Citizens Of India But Stateless In Kashmir
2 November 2014
The New Indian Express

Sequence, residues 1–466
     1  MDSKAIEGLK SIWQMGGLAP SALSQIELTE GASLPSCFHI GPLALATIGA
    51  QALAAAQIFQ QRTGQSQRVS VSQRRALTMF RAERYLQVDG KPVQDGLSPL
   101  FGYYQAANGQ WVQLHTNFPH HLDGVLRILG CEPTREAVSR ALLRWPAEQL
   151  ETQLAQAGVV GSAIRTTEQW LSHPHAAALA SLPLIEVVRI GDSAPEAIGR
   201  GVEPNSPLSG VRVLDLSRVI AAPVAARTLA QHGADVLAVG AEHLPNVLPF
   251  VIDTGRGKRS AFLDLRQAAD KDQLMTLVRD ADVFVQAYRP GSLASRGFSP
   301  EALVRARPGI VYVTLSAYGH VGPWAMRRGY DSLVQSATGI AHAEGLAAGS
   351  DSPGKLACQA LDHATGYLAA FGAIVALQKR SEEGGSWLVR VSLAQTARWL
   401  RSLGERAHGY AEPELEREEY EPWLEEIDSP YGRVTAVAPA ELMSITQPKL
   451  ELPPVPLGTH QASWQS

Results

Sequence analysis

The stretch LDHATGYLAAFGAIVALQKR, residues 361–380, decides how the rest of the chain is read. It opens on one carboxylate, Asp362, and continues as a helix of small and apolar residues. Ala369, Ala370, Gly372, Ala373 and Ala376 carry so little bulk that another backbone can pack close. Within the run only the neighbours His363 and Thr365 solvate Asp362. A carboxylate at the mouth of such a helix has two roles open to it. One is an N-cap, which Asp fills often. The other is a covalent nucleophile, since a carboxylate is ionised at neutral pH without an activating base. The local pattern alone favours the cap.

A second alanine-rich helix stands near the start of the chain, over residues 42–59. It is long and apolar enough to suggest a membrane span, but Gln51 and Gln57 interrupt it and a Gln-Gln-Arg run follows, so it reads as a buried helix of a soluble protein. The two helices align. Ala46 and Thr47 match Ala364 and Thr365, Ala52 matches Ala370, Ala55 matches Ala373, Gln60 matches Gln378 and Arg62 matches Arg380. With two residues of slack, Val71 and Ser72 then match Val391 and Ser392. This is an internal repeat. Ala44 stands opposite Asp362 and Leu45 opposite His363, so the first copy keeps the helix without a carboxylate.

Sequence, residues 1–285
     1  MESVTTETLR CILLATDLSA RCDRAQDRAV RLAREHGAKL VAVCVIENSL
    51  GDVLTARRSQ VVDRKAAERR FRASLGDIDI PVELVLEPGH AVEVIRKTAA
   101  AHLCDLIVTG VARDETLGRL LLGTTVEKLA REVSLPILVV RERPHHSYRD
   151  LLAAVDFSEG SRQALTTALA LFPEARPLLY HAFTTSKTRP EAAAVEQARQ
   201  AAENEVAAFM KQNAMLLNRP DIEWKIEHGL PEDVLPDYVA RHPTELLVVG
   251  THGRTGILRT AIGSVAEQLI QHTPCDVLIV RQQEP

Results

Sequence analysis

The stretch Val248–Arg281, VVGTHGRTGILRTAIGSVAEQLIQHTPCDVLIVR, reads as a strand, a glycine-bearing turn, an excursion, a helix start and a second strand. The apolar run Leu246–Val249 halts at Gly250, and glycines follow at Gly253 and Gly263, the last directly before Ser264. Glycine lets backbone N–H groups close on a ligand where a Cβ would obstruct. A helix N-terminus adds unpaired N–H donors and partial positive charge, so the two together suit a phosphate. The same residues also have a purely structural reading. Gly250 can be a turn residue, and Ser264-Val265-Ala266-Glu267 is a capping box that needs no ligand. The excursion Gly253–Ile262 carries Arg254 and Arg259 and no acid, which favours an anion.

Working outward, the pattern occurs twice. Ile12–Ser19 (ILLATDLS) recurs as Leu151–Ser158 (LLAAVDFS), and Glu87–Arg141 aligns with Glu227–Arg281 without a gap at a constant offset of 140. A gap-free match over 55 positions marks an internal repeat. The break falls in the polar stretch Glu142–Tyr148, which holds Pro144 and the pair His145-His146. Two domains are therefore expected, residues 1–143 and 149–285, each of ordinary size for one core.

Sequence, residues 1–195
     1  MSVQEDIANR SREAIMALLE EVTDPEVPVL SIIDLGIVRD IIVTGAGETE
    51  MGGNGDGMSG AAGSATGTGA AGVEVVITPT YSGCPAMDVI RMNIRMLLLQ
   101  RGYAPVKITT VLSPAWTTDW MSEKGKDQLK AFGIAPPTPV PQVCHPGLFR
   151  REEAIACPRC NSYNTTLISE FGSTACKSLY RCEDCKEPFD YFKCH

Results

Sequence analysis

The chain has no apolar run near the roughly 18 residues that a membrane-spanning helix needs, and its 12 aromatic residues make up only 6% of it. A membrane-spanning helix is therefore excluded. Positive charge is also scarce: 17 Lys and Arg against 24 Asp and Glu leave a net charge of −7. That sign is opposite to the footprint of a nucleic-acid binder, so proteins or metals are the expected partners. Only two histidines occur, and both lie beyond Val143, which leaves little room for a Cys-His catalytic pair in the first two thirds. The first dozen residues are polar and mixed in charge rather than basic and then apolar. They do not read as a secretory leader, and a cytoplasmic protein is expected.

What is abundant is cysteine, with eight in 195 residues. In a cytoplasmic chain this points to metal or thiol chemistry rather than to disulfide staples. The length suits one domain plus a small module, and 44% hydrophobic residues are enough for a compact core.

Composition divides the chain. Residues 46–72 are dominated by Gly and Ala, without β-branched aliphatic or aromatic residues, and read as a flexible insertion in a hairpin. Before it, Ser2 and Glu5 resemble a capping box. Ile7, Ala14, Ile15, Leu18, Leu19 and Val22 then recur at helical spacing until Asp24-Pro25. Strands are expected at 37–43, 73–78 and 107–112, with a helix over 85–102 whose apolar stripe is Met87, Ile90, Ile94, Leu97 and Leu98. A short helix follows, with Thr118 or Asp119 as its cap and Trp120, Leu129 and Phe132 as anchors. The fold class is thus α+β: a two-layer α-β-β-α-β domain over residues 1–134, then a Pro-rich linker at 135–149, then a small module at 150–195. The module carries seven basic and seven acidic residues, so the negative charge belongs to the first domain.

: In April 2014, 83-year-old Mela Ram Baghat enthusiastically exercised his right to vote at one of the polling booths in Jammu like he has been doing in all previous Lok Sabha elections as an Indian citizen. But in the coming Assembly elections to be held from November 25 for the 87-member J&K Legislature, he cannot vote. He is prevented by state law since the first elections happened in 1951, because he is considered stateless. He is one of 1.5 lakh refugees who crossed the border into Kashmir from West Pakistan after communal riots erupted in 1947. 'We are not state subjects, so we can't vote in the state elections,' says Mela Ram. Kashmir has a tragic knack for creating refugees without recompense, whether they are Kashmiri Pandits who fled Kashmir or Hindus and Sikhs like Mela Ram who fled into Kashmir. The November elections in J&K could be highly polarized, and the BJP plans to make the plight of Mela Ram and his compatriots a prominent part of its election manifesto. Omar's government and ally Congress are worried. Also Read: 'We Have High Hopes from the Modi Government' BJP's Jammu & Kashmir in-charge, Avinash Rai Khanna says, 'There are more than one lakh people in J&K who are called West Pakistani refugees. They cannot vote even in elections held for municipalities and panchayats. Our agenda is to give them the right to vote in all elections and to remove the tag of 'West Pakistani' and 'refugee'. It is a blatant human rights violation,' he adds. However, opposed to the BJP are the National Conference and the separatists. 'They are not citizens of Jammu and Kashmir and as such can't be given state subject status,' says Mustafa Kamal, senior National Conference leader and uncle of J&K Chief Minister Omar Abdullah. The separatists vow to 'fight tooth and nail any attempt to change the demography of the state.' The Congress, which has been partner of coalition governments in the state in the last 12 years blame coalition compulsions for being unable to help the stateless people of Kashmir. Senior Congress leader and former Revenue Minister Raman Bhalla says, 'There are compulsions in a coalition government and so we could not do anything'. The spokesman of J&K Congress, Ravindra Sharma echoes Bhalla. 'The UPA government was ready to lend them financial support. But there were divisions in J&K government due to coalition compulsions.' The PDP favours granting of all amenities to refugees . All this rhetoric and excuses are no consolation for the over 25,000 families from West Pakistan comprising about 1.5 lakh souls, who have been living in the border areas of Jammu since 1947.